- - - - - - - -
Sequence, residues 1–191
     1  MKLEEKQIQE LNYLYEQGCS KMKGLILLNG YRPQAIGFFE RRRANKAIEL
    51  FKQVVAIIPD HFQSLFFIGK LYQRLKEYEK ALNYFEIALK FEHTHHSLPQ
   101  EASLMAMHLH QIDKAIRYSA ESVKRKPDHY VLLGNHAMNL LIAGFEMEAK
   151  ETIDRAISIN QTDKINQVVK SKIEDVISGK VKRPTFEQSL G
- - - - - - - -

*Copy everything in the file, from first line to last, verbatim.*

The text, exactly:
Sequence, residues 1–191
     1  MKLEEKQIQE LNYLYEQGCS KMKGLILLNG YRPQAIGFFE RRRANKAIEL
    51  FKQVVAIIPD HFQSLFFIGK LYQRLKEYEK ALNYFEIALK FEHTHHSLPQ
   101  EASLMAMHLH QIDKAIRYSA ESVKRKPDHY VLLGNHAMNL LIAGFEMEAK
   151  ETIDRAISIN QTDKINQVVK SKIEDVISGK VKRPTFEQSL G